Baleka says yes, no confidence vote in Zuma will be secret

National Assembly speaker Baleka Mbete has acceded to a request by opposition parties to hold Tuesday’s vote on a motion of no confidence in President Jacob Zuma by secret ballot. 

She said the decision “is about putting the resilience of our democratic institutions to test” and was taken “in the best interests of the country”.

“People of South Africa look to Parliament for signals of hope. I have considered the environment and heard voices expressing doubt in the integrity and values of our 20-year-old Constitution. We therefore have to use this opportunity to show responsiveness to our people,” she said.

Mbete made the announcement on Monday regarding her decision on what the appropriate voting method would be for the vote in the National Assembly.

Flanked by her deputy speaker Lesetja Tsenoli and other presiding officers, Mbete said by granting the secret ballot, she was guarding the procedures of the National Assembly and to ensure that the outcome of the vote was credible.

“The speaker must do this without fear or favor. It is with that in mind that this decision is also about putting the resilience of our democratic institution to test,” she said.

Mbete refused to take questions after making the announcement. 

The motion of no confidence, the eighth so far, was brought by the Democratic Alliance, while the secret ballot was requested by the United Democratic Movement (UDM).

Led by its president Bantu Holomisa, the UDM approached the Constitutional Court to compel Mbete to do so. Chief Justice Mogoeng Mogoeng found that Mbete held the power to decide whether the vote can be conducted by secret ballot.

Mogoeng set out strict considerations the speaker would have to take into account before deciding on how the vote would be conducted.

He said Mbete’s rationale for her decision must be based on promoting oversight.

“That is her judgment call to make‚ having due regard to what would be the best procedure to ensure that members exercise their oversight powers most effectively,” the chief justice said in his June judgment.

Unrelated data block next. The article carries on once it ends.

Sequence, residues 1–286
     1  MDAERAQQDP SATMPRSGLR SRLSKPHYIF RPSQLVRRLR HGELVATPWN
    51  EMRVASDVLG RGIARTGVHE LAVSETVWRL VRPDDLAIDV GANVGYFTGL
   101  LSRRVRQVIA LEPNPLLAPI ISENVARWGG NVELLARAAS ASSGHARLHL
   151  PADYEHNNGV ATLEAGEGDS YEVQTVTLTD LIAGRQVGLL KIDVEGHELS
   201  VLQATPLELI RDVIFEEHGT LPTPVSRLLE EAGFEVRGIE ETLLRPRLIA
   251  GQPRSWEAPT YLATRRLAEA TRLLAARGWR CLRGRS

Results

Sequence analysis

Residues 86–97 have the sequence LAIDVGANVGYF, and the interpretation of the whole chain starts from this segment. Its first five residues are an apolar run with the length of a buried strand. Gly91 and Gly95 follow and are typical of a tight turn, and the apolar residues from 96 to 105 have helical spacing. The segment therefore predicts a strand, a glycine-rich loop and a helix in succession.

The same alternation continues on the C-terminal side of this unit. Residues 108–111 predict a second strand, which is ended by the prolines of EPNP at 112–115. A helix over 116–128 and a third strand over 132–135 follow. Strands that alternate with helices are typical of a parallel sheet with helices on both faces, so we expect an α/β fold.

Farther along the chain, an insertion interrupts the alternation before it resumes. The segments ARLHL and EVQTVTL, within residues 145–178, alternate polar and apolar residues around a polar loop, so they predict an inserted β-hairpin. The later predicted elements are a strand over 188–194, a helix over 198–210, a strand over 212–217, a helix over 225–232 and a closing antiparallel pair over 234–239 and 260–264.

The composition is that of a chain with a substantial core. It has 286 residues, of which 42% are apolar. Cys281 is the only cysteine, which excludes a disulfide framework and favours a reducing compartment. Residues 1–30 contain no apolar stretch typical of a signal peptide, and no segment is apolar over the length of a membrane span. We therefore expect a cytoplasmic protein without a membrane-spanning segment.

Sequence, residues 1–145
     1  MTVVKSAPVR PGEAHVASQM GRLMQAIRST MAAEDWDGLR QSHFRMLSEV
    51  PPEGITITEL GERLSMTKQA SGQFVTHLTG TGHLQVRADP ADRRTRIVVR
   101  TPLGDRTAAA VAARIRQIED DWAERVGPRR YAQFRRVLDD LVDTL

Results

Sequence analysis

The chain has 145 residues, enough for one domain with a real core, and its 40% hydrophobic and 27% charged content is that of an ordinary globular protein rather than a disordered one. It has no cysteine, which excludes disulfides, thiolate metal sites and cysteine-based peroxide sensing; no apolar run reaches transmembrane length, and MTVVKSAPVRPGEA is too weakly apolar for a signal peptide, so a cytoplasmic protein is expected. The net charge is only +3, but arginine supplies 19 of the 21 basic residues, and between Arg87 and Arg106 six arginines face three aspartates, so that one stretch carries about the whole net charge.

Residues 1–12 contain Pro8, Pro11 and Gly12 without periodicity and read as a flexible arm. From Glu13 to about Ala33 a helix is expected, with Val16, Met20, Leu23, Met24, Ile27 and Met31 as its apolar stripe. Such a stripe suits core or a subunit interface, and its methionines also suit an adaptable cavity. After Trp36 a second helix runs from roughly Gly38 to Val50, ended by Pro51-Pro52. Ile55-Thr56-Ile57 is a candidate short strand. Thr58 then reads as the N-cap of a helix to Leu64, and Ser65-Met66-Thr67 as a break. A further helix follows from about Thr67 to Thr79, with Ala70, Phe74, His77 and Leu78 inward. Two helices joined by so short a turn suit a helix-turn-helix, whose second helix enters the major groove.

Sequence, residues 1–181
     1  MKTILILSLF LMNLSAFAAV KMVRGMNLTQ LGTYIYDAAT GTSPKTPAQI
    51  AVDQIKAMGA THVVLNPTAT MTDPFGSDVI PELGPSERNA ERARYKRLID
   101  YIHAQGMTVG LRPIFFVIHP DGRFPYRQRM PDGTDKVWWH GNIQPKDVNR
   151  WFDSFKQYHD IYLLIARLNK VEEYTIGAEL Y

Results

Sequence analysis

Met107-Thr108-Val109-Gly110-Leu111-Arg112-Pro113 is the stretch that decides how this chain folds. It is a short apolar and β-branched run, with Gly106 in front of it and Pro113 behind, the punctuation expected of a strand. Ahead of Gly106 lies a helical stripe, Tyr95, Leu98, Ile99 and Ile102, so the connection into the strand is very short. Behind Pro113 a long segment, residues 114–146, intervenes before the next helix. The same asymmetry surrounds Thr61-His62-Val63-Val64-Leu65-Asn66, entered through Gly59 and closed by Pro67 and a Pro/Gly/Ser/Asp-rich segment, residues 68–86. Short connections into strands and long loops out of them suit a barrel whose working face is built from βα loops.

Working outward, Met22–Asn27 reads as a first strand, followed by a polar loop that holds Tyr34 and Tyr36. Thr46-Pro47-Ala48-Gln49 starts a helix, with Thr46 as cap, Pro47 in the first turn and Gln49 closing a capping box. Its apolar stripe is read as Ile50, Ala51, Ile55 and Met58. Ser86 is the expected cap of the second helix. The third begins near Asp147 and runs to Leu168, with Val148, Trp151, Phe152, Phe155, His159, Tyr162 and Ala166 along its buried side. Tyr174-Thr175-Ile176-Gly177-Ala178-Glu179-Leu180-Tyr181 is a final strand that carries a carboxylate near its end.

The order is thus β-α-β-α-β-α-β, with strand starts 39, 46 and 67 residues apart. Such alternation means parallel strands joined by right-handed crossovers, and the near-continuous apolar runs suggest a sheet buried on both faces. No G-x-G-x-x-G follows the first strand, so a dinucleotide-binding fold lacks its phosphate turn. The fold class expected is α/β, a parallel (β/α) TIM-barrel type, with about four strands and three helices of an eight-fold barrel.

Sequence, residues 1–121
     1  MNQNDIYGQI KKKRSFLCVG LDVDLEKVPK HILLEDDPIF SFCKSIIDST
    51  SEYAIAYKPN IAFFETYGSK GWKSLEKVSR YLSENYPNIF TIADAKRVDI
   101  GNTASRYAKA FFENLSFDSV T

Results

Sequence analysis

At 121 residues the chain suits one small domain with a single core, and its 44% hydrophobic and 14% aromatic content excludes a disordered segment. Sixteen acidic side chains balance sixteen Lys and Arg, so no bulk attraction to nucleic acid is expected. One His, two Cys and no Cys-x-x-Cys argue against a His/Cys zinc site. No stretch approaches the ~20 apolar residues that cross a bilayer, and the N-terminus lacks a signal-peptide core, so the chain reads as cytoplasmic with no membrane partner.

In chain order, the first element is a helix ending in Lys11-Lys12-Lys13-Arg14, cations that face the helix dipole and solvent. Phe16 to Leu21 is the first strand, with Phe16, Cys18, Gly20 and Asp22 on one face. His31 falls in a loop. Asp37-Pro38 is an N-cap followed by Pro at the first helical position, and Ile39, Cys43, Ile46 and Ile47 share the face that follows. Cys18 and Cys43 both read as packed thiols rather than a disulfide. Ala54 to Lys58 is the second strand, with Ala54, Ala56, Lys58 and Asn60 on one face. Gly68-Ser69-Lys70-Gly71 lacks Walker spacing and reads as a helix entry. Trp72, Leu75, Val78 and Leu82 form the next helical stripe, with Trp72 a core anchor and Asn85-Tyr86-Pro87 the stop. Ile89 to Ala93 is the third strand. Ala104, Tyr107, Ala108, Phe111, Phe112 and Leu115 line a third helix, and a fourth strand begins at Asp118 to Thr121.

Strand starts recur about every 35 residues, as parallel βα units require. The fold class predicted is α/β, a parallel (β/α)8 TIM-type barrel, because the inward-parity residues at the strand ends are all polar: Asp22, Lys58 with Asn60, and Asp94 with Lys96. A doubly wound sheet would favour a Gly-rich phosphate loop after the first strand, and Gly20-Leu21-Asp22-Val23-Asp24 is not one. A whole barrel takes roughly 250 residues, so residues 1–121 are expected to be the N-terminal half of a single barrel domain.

“The correct exercise of parliament’s powers in relation to a motion of no confidence in the president must therefore have the effect of ensuring that the voting process is not a fear or money-inspired sham but a genuine motion for the effective enforcement of accountability.”

The UDM, Economic Freedom Fighters (EFF) and the DA have argued that these guidelines make it nearly impossible for the speaker to reject their request for a secret ballot.

Before making her decision, Mbete said she had asked all political parties to declare their preference, through written submissions, for how the vote should happen. The ANC’s chief whip, Jackson Mthembu, said the governing party is not opposed to conducting the vote in secret, adding that the motion would be defeated.

Mthembu has called a “three-line whip” in the ANC caucus for tomorrow’s sitting – a compulsory order for all its MPs to attend.

Mbete’s decision to conduct the vote by secret was taken amid threats by the EFF that it would head to court to interdict Tuesday’s vote if she decided otherwise.

Both the EFF and UDM have claimed that more than 60 ANC members have guaranteed their support of the opposition parties motion, if it is held in secret.

The ANC said it welcomed Mbete’s decision. “The ANC reiterates its stance that we have full confidence in the ANC Caucus and individual members of Parliament deployed by the African National Congress,” the party said in a statement. “We do not nor have we ever doubted their loyalty and discipline in relation to the decisions of the movement. Accordingly, we have no doubt that this frivolous motion, which has been hyped up by opposition parties as some sort of Damascus moment, will fail like many before it.”

Govan Whittles

Govan Whittles is a general news and political multimedia journalist at the Mail & Guardian. Born in King William's Town in the Eastern Cape, he cut his teeth as a radio journalist at Primedia Broadcasting. He produced two documentaries and one short film for the Walter Sisulu University, and enjoys writing about grassroots issues, national politics, identity, heritage and hip-hop culture.

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